- Great design, just like the HTC One
- Excellent speakers
- Fast performance
- Too much bloatware
- Odd paint job
- Audio enhancements don't do much
Quick TakeIt's good. You can't start with the One (M8) as your base and end up with something mediocre. But the Harman Kardon edition comes pretty close.
The HTC One (M8) Harman Kardon edition is a phone fighting with itself. The Sprint exclusive, which launched last month, iterates upon HTC’s excellent flagship with a new paint job, a snazzy pair of included earbuds, and a handful of software features that seek to improve the quality of music played on the device. All of this comes for $30 more than the usual One (M8), which would be an appealing value if the phone wasn’t so bogged down in a swamp of aimless and ineffective bloatware.
Yes, the One (M8) HKE isn’t so much a phone for audiophiles as it is a phone for people who’d like to look like audiophiles in public. That it supports high-res lossless audio is a nice nerdy perk, but the rest of the phone’s purported musical enhancers don’t actually enhance much of the time. The fact that the phone is virtually identical to the original One (M8) in every aspect outside of these middling additions doesn’t help its pitch.
We’ve already composed a comprehensive review of the standard One (M8), so head on over there if you want a full rundown of the One (M8) Harman Kardon edition’s specs, camera, base software, battery life, and the like. For now, let’s talk about what’s new with this iteration, and why most of it is smoke and mirrors.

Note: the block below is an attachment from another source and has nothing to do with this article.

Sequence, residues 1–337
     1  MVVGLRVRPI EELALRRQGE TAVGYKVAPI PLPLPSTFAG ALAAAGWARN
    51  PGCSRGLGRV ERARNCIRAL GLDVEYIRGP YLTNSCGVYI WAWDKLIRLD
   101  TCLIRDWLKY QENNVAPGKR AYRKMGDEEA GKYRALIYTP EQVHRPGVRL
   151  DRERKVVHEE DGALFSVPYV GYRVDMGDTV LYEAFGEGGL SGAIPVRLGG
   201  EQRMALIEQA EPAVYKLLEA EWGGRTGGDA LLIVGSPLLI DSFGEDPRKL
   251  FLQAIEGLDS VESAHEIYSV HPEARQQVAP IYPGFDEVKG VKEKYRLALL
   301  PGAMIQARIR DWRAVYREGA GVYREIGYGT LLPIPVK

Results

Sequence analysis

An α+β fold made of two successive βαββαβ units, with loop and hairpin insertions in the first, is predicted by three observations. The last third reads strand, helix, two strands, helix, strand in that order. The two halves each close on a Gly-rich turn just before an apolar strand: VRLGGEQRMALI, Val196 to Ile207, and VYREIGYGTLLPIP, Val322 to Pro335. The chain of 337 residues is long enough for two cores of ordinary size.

A New Paint Job
Physically, the One (M8) HKE is almost exactly the same as the usual One (M8). That is to say, it’s still one of the most premium-feeling, well-built phones in the world. The smooth and sturdy aluminum, rounded edges, gently curved back, full BoomSound speakers, gorgeous 1080p display — everything great about the One (M8)’s hardware remains unchanged here. It’s still a bit too tall and a bit too slippery, but amongst the current crop of 5-inch flagships, it’s peerless.
The one thing the HKE does change is the phone’s color scheme. Whereas the standard One (M8) comes in a range of unitary colors, the One (M8) HKE mixes a jet black back (which holds a small, inoffensive Harman Kardon logo) with a champagne gold front. It sounds like it’d make the phone a little more rock n’ roll — insofar as a multinational corporation’s product can ever be considered that — but in actuality, it comes off a tad overbearing. It runs counter to the more understated elegance that made the One (M8) so attractive in the first place, and while it isn’t explicitly gaudy, it feels like Sprint marking its territory just for the hell of it. That’s a recurring theme here. The darker back also tends to pick up more fingerprints and smudges than the ordinary One (M8), which is annoying.